When the government fails to honour its commitments

A specific claim is an option available to First Nations who believe the federal government has not honoured a treaty or agreement, or fulfilled its lawful obligations.

Specific land claims process offers a remedy

A group gathers in Alberta in 1899 to collect payments from Treaty 8. The Bigstone Cree Nation received more than $231 million from the federal government in December 2010 to settle a specific land claim relating to that treaty. (Glenbow Archives/NA-2760-7)

According to an agreement concluded in December 2010, the Bigstone Cree Nation will receive over $231 million from the federal government in settlement of a claim regarding the size of its territory.

The First Nation adhered to Treaty 8 in 1899, which entitled it to an area of land proportional to its population. The promised amount of land was not delivered at the time. 

The federal government, Alberta and the Bigstone Cree Nation reached the agreement as part of the specific claims process. This is an option available to native groups who believe the federal government has not honoured a treaty or agreement, or fulfilled its lawful obligations.

Since 1974, the federal government has paid compensation totalling over $2.6 billion to settle 343 specific claims. Hundreds of other claims are still outstanding.

A specific claim can be submitted in a variety of circumstances.

Treaty Land Entitlement (TLE)

This type of claim arises when a First Nation asserts that it did not receive the amount of land to which it was entitled under a historic treaty.

For example, Canada never set aside the reserve land promised in 1899 to the Mikisew Cree in Treaty 8. In 1986, through a settlement with the governments of Canada and Alberta, the Mikisew Cree First Nation received $28 million in compensation, which it used for economic development.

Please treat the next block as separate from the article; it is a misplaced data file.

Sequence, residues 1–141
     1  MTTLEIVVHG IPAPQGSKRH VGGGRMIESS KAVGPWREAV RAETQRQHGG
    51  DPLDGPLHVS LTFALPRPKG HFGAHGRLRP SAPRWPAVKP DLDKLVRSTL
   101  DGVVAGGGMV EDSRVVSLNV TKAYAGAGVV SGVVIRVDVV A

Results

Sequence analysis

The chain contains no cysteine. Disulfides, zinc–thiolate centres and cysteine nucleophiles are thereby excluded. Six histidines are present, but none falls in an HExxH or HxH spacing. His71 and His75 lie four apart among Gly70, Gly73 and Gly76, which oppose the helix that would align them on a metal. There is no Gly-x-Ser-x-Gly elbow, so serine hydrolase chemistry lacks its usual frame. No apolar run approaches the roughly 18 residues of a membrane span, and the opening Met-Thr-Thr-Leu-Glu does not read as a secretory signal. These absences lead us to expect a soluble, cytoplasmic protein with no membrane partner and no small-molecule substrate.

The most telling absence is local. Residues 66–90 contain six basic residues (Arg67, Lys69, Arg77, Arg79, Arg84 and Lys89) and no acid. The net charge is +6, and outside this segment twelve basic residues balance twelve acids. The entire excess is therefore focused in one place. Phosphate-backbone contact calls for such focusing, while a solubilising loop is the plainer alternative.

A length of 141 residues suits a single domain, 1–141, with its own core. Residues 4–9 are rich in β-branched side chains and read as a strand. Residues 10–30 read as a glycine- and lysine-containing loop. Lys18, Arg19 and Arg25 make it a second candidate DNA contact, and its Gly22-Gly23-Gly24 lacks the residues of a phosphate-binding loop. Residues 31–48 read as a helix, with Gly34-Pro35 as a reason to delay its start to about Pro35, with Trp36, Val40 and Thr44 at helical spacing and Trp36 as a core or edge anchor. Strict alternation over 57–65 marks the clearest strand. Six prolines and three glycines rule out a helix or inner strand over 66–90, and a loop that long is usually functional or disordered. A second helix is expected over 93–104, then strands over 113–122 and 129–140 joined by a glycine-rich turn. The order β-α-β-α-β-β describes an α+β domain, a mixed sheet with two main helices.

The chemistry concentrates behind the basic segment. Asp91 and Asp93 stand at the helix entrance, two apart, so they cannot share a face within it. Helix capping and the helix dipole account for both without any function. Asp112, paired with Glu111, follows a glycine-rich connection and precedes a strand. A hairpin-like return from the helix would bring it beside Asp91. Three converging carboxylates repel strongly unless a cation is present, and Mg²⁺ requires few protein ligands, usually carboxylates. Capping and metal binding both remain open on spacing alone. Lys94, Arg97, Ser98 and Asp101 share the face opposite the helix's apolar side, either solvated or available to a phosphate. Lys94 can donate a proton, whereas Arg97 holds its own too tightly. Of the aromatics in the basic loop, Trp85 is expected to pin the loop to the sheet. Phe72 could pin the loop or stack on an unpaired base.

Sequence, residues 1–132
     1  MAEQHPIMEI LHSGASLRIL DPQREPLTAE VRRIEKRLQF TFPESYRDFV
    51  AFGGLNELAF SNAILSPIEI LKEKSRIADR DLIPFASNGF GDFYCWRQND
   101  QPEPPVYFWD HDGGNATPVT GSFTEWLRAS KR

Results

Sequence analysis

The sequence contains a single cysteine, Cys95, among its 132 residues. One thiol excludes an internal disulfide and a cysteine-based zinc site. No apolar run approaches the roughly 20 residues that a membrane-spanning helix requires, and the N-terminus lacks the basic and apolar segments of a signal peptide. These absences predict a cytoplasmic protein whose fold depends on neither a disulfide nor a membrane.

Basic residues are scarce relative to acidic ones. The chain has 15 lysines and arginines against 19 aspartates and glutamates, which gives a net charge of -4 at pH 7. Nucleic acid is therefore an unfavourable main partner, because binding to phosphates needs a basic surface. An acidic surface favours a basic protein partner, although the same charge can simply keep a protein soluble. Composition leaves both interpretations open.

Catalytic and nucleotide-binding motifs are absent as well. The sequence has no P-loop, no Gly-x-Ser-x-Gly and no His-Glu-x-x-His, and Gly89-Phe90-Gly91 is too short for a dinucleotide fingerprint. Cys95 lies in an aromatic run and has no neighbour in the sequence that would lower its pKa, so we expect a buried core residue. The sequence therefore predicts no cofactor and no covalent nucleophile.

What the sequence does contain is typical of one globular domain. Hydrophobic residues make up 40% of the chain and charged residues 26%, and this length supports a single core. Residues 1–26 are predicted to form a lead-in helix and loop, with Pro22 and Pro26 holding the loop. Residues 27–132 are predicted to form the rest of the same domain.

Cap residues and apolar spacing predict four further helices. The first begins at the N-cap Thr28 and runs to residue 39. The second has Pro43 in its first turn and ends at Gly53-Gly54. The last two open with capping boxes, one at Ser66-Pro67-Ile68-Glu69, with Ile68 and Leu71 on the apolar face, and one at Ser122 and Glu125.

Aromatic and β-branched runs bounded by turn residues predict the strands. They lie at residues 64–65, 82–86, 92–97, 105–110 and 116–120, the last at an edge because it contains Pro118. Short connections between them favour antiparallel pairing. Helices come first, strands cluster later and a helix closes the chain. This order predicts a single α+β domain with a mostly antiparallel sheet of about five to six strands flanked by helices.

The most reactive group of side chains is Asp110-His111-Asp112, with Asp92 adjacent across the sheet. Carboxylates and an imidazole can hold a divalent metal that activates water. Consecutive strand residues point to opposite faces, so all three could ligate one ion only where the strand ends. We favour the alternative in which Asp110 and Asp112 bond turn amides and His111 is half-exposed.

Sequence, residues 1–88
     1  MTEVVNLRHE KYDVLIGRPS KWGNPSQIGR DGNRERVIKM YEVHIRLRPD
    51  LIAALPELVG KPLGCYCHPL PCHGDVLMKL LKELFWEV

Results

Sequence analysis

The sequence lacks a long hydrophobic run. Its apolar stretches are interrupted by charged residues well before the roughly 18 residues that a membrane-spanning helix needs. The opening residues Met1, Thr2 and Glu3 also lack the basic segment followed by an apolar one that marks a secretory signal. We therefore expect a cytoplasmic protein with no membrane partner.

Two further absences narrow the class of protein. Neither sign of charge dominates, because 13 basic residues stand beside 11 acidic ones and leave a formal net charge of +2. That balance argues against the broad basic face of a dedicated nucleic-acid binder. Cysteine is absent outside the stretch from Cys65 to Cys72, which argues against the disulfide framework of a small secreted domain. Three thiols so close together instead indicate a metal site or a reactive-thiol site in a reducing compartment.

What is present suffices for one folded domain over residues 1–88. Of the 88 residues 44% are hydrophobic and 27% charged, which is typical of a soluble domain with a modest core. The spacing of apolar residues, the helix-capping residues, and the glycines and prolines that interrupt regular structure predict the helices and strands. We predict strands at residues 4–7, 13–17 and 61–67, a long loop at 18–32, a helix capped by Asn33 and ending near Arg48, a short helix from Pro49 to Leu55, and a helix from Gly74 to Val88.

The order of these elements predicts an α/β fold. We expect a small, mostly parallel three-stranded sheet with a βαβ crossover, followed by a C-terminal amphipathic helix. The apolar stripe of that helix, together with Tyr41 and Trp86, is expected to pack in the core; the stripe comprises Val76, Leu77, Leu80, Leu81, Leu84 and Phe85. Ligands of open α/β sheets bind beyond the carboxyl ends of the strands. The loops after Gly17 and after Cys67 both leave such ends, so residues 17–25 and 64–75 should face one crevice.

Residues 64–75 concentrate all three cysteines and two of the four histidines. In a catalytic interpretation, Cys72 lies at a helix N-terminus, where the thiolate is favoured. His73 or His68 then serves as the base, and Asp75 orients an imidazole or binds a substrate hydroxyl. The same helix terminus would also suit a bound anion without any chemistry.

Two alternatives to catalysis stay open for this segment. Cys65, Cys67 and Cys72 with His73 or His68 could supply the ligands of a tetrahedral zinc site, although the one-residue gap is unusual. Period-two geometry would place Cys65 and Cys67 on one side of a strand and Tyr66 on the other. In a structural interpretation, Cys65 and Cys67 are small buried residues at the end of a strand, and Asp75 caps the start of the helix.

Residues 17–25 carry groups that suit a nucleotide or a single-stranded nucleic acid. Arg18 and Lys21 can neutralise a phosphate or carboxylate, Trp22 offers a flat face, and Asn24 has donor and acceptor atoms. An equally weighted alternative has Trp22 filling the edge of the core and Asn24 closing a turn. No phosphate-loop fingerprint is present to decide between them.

Illegal surrender of reserve lands

According to the Indian Act, the surrender of reserve land must be approved by a majority of band members at a public meeting convened for that purpose. Until 1951, only men aged 21 and older had the right to vote.

In 1889, Canada obtained, without a vote or payment, the surrender of 440 acres of land that, in accordance with Treaty 7, had been reserved for the Blood Tribe / Kainaiwa in Alberta.

In April 1998, the government recognized it had seized the land in violation of the Indian Act, and accepted the claim for negotiation. The land could not be returned, because it had been converted into private property. The First Nation received $6.8 million in compensation.

Breach of fiduciary obligation

According to the law, a native group can submit a specific claim if it believes the surrender of its land was not in its interest, or if the land was obtained in breach of the federal government's fiduciary duty.

For example: In 1909, against the express will of the Moosomin First Nation, Canada recorded the surrender of 15,360 acres of prime Saskatchewan agricultural land, reserved through Treaty 6, which was subsequently sold to non-aboriginal farmers.

The First Nation was moved to an unfertile area and its livelihood was destroyed.

In December 1997, the government recognized it had not acted in the First Nation's interest. In October 2003, Canada and the Moosomin signed a settlement agreement worth $41 million.

Specific claims in the absence of a treaty

In the Maritime provinces, Quebec and most of British Columbia, no treaties were signed before the end of the 20th century. However, in the 19th and 20th centuries, some bands entered into agreements whereby land would be reserved for them.

"These reserves derive from the fiduciary role of the federal government - in other words, the government had to protect aboriginal interests against the settlers," explains anthropologist Pierre Trudel, an expert on aboriginal issues.

In these instances, the federal government has obligations toward First Nations that are not treaty-based.

In 1984, the Supreme Court of Canada accepted the specific claim submitted by the Musqueam Band of British Columbia and ordered the federal government to pay $10 million in compensation. The government had rented their reserve lands for 75 years, at a lower price than that initially indicated, in order to create a golf course.

The Huron-Wendat in Quebec also obtained $12 million for 40 arpents (about 34 acres) of reserve land they had surrendered to the federal government in the early 20th century. At the time, the government had not respected the provisions of its own Indian Act regarding land surrender procedures.

Other claims involve encroachment or unauthorized use of land. For example, in 1998, the Innu of Pessamit received $1.5 million in compensation for Quebec's construction of power transmission lines on their land in the 1950s and 1960s.